In “The Shape of Things to Come” Daniel H. Pink argues that the bell curve or normal distribution discovered during the 19th century statsitcal renaissance is losing its validity. More and more parts of the statistical world are distributing themselves as ‘well curves’, high on the ends and low in the middle. For examples he gives wage distribution in the U.S. (growing at the top and the bottom), consumer electronics (miniturization of screens and the gigantism of home theaters), and business (mega-corporations and the single entrepreneur). He concludes:
Of course, not everything we can measure conforms to this new shape. In national politics, the fastest-growing affiliation is Independent. Diversity and interracial marriage are rendering the old bimodal and trimodal racial categories irrelevant. Yet almost everywhere we look closely, we find ourselves staring down a distributional well. The implications are huge: insurers, marketers, and policy-makers may be basing decisions on faulty premises about what is normal. They’re assuming a vibrant center - Middle America, middlebrow tastes - when the action has migrated to the edges. The 180 from bell curve to well curve has turned their logic on its head.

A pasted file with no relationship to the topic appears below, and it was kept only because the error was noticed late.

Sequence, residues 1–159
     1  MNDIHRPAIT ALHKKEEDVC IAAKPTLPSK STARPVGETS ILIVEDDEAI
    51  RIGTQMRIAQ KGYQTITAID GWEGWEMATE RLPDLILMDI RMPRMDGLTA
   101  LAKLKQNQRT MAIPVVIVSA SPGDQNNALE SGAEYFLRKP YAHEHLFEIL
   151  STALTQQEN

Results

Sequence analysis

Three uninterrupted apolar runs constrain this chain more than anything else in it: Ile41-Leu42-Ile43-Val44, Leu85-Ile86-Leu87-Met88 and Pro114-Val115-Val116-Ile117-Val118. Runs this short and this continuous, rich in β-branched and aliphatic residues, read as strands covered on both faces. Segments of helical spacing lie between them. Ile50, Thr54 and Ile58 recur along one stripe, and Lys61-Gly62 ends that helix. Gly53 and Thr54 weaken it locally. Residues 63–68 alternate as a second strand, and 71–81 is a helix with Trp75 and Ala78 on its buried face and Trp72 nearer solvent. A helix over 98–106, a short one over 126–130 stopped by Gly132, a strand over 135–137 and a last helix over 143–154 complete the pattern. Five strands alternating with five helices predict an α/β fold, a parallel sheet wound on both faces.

Galton and his contemporaries believed that conditions would deviate from the bell curve only during periods of transition. Every age, of course, supposes it is living through a unique era of profound change. But in our case, the conceit might actually prove true. The madness of our times might simply reflect our stumbling effort to revert to the mean. Either that or one of the world’s eternal verities is less eternal than we supposed. This deviation may turn out to be anything but standard.